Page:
Exploring cities can feel like walking through an old forest. The hidden streets and mystical wonders of the cities can only be found by those who are curious and aware. Awareness is the simplest most powerful tool we have, but also claimed to be the biggest scarcity of our generation. Our lack of awareness has disconnected us to many natural wisdoms of this world, like our connection to the forest.
Life in the forest will always evolve at a natural pace. In our city-life the pace of change is increasing, with growing fragmentation and complexity. There is an urgency to tackle the climate crisis, new geopolitical disruptions and an incredible acceleration of technology. In the scope of these 21st century planetarian threats, what capabilities and mindset do we and organizations need in order for humans and forests to thrive and co-exist? How do we lead and design curious organizations that secure sustainable growth and continue to discover the future in the best possible way?
Today the ecosystem in the forest is imbalanced due to our lack of attention to Mother Nature’s warning signals. When an organization is imbalanced it is often due to lack of attention to external changes or missing awareness of the organizational blind spots. Practicing our awareness nurtures curiosity and learning, which plays a significant role in leaders and organizations ability to process failures, adapt to changes, take the right action and thereby evolve sustainably.
The forest thrives when the ecosystem is balanced and supported. Organizations thrive in a balance between psychological safety and accountability. Trust, respect and awareness is the foundation of any high performing team. Like trees, curious organizations grow successfully through effort, learning and persistence. These facts will also provide the needed organizational value foundation, a meaningful vision, and the ability to execute on strategy and cater for an ambidextrous focus on cost and growth.
In the 21 century we see a needed shift in leadership capabilities. Leaders must still possess the powers of logic, reasoning and strategic forecasting, but they also need the skills of awareness which means presence, deep listening and empathy. As the pace of change and technology is accelerating, leaders must balance being receptive to new insights and innovation, alongside facilitating for authentic human connection and collaboration.
Trees and forests have healing powers on our wellbeing and longevity. For many centuries we were disconnected to this wisdom, but in recent years it has been brought back to our attention. The same also holds for the ancient Eastern practice of awareness and mindfulness. This is why I decided to become a yoga teacher alongside working in Bjella Investments. Being present, creating a space where people feel safe and accountable to their yoga practice, is a teacher’s most important role.
Forests have long held a spiritual significance to our hope of a better future. For example when the United Nations was founded, the delegates held a ceremony in the Muir Forest outside San Francisco to contemplate the ancient redwood trees as they envisioned strategies for a lasting world peace. Hope is also vital in fighting climate change. The art project “The Future Library” deep in the woods of Norway, is a co-creation project between international artists, government and business leaders. Every year people from all over the world gather with the mission to inspire long term hope and to revitalize the ancient wisdom of the forest. In a hundred years time from now, The Future Library will contain the key to 100 unread books – all to inspire hope and trust – delivered by some of the most prominent international writers and poets at the time.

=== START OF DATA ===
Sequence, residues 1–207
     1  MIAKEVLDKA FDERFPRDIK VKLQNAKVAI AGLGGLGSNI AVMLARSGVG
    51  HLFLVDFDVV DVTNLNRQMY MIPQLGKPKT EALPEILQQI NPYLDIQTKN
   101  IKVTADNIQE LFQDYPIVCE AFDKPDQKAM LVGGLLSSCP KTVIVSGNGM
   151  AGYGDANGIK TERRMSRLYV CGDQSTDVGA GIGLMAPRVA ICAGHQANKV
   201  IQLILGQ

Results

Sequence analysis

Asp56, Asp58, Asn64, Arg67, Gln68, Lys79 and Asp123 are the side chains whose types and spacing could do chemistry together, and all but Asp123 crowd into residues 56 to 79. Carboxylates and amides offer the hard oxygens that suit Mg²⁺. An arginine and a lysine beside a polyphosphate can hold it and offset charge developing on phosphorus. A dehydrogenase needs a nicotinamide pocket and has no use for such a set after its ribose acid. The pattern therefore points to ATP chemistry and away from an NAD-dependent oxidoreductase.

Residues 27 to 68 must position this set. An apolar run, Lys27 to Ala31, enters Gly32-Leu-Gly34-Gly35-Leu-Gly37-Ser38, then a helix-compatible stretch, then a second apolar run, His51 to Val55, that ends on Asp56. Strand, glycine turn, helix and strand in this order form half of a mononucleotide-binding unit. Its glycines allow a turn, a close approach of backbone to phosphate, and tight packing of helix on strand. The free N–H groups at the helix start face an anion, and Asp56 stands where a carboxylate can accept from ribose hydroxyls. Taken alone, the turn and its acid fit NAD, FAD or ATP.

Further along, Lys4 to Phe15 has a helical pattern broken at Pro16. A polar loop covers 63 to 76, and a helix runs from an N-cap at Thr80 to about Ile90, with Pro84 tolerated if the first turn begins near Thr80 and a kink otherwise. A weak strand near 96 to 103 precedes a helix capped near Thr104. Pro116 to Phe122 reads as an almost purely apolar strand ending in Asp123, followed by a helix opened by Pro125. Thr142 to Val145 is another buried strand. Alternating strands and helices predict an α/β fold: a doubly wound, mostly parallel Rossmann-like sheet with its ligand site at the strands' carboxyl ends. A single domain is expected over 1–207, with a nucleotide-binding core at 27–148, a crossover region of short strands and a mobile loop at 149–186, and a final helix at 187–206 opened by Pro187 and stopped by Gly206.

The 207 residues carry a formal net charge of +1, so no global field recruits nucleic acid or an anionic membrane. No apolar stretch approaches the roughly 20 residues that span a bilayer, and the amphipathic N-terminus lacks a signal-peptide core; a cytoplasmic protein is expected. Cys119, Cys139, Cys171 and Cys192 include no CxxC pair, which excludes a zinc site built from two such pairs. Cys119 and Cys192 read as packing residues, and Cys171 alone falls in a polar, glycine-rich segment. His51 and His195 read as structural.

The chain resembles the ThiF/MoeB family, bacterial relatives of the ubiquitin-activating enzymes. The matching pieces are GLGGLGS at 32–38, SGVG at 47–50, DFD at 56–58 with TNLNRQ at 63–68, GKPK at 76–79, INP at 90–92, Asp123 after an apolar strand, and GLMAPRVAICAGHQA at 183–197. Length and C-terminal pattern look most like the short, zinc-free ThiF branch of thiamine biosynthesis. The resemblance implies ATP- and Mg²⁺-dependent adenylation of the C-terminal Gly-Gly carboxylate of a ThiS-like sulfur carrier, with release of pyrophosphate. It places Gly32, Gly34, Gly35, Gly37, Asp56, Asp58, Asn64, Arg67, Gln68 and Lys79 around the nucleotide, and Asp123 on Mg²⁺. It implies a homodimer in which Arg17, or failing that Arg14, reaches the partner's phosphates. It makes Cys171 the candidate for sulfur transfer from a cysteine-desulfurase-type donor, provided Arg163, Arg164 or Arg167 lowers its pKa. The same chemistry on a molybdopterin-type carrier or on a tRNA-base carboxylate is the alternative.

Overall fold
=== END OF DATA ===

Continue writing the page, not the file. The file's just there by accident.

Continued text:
Artists and scientists hold a curiosity to see the world from different angles and can often sense insights ahead of their time. They do not know the answers, but they dare to hold space for wondering and the reimaging of possibilities. What can we as leaders and organizations learn from this kind of mindset? How can we facilitate more “forest gatherings” in our own lives and organizations that create space for authentic human connection, healing and hope?
The health and future of a forest is dependent on connected communication and sharing of collective wisdom between old and young trees. The ground breaking research proving trees to be social creatures and in many ways acting like human society, is shifting our opinion of trees and the way we care for our forests today. As we see with this research, introducing complexity to a subject can bring humility to our own knowledge, make us curious and shift the way we perceive and operate in the world. Being humble to what is not in our scope of awareness, training our ability to relearn and shift perspective, is just as important as what we pay attention to. The health of our global human society is deteriorating and growing more complex. In order to bridge solutions for the 21st century challenges, we need to stay humble and receptive to our collective wisdom.
Wisdom begins in wonder. Wonder connects, gives hope and discovers the future. Our future depends on the collective wisdom and long-term actions we implement – from curiosity to realization. Creating a curious mindset and allowing that in organizations takes courage, and is an art and a balance between freedom and constraint. Awareness around this skill should be practiced in ourselves as leaders, just as much as we support it in our organizations.
- Stanford Executive Program
- Richard Powers: Overstory
- Anne Beate Hovind: Future Library
- Adam Grant: Think again
- Suzanne Simard: Finding the Mother Tree